He says that from the beginning of his career he has been amazed by the complexity and the ingenuity of imaging systems.
“I started studying the technical aspects of different imaging systems while I was working as a biomed until I eventually moved to an imaging position where I received official training,” he says.
His growing knowledge included more specialized imaging training through RSTI.
“When I started my first imaging position, I completed the four-part X-ray certificate series from RSTI. The program provided me an extremely detailed and in-depth understanding of X-ray production and X-ray physics,” Badawi says.
Visualizing a Good Outcome
Badawi believes that when tackling projects, including installations, the prospects of a good outcome increase by preparing your mental game the right way.
“The biggest challenges that I see in the imaging field are standardizing practice and protocol. Recently, I have been leading numerous new installations and system upgrades throughout the health system,” he says.
“I work in a busy cancer center that is constantly seeking new technology to better patient care. From an engineering side, I led the installation of two new C-Rad catalyst systems and one Sentinel system. The biggest challenge in any new installation is to get all the parties (electricians, carpenters, iron workers, OEM engineers, IT team, facilities personal and project managers) on the same page and to coordinate a schedule accordingly,” he adds.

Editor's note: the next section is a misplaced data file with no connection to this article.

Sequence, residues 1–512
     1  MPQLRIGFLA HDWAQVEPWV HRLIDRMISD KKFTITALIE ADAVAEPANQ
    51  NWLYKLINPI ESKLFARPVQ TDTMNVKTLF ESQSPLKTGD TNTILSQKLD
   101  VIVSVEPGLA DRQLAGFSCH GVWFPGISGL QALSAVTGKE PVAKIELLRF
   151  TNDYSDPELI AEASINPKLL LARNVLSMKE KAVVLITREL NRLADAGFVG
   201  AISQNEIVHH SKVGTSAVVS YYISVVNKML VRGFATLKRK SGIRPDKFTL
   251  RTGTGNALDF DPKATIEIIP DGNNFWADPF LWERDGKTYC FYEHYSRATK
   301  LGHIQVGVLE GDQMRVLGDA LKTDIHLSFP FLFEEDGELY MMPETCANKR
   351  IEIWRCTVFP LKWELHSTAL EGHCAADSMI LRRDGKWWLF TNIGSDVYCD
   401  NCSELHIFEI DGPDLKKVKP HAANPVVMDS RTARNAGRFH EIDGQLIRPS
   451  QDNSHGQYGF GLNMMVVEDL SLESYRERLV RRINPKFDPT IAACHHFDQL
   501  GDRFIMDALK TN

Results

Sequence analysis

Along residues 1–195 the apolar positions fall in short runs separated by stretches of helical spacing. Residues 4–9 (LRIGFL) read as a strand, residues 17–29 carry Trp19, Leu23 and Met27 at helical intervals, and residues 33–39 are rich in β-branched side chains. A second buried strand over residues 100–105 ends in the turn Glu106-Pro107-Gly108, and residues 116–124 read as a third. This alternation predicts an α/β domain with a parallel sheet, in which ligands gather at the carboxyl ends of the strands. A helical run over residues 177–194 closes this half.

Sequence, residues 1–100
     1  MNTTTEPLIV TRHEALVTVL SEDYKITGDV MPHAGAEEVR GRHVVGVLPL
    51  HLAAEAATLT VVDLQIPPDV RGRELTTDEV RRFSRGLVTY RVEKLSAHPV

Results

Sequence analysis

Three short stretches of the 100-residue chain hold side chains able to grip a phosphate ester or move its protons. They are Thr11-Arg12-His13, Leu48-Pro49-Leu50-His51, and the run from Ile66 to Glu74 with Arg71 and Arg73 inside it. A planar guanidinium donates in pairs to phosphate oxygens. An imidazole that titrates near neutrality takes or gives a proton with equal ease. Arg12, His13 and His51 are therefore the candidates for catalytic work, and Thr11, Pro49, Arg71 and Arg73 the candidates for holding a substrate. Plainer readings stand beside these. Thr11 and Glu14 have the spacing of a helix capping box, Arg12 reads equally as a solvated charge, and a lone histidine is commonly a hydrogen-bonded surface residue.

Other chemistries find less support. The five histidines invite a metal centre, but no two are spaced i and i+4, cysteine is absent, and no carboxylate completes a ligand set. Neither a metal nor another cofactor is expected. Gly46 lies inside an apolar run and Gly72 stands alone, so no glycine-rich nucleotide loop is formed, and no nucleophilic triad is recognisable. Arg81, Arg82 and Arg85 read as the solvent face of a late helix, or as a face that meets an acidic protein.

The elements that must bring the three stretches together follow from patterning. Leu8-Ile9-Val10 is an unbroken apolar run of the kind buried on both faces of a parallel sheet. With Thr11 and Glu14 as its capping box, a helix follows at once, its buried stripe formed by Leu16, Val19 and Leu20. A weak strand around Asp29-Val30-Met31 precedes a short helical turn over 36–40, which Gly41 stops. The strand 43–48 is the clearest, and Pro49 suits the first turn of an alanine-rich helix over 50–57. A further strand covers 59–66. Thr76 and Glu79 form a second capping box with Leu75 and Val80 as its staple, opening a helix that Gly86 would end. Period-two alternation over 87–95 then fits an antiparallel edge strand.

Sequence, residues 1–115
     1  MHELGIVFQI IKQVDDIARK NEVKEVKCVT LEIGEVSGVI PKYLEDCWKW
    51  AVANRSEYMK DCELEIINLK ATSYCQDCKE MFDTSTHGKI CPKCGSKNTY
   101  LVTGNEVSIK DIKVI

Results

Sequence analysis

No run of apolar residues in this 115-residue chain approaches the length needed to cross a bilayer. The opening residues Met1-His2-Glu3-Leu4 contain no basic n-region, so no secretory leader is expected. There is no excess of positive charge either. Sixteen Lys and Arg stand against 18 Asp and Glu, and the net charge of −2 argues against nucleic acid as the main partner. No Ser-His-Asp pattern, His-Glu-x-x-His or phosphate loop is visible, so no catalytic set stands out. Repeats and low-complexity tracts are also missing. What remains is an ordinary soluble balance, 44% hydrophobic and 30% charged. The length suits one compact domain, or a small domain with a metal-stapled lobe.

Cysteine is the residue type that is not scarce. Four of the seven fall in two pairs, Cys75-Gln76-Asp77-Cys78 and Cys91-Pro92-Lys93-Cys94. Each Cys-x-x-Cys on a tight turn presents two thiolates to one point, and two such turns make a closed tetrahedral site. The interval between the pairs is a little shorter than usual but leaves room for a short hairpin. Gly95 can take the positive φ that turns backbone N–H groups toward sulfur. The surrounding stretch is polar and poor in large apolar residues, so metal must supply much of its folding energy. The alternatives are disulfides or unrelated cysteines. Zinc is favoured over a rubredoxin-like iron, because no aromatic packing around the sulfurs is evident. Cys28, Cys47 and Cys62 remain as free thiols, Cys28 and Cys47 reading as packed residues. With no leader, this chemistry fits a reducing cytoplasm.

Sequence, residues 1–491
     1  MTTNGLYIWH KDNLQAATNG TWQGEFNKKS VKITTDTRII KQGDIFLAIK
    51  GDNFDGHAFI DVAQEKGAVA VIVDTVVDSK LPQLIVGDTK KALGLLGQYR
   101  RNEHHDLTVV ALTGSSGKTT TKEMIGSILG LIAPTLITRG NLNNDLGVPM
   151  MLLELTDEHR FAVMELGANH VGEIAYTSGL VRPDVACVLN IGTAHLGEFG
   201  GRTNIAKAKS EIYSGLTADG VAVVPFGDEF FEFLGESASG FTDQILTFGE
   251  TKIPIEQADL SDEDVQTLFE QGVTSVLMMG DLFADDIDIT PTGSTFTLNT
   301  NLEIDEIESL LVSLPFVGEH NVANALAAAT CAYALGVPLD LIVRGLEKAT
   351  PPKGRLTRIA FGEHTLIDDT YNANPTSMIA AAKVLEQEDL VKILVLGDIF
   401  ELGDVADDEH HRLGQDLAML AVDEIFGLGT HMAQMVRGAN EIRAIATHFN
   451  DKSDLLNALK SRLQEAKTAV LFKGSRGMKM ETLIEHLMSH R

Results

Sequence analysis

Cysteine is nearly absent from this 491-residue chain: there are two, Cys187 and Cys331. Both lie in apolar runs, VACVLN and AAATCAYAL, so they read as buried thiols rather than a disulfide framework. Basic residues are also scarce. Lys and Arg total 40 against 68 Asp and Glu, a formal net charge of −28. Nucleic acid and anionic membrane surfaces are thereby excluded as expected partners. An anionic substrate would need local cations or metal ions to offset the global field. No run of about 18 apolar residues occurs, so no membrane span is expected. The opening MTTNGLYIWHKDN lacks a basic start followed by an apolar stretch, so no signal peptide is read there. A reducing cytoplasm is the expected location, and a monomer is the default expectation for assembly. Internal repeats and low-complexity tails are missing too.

“From working on previous projects in the past, I found that if you write your successful outcomes and failures, you can create a template for yourself. This way, moving forward, you can anticipate challenges that might arise and minimize mistakes,” Badawi explains.
An example of a basic template that Badawi created for myself for working on new projects looks like this:
“Make a plan for yourself and set a projected finishing date before the final deadline. Use Outlook, iPhone or Android to set frequent reminders to stay on track. Send the plan to all parties involved in the job and follow up via email for confirmation. Always create lists. Use sticky notes over your monitor or put them in a place where you can see them. Send out calendar meetings, updates and reminders constantly with any new information along the way. Try to set a finishing date with all parties involved before the final deadline to work out any problems that might arise. Before the end of your shift, write down what you need to do for the next day,” Badawi says.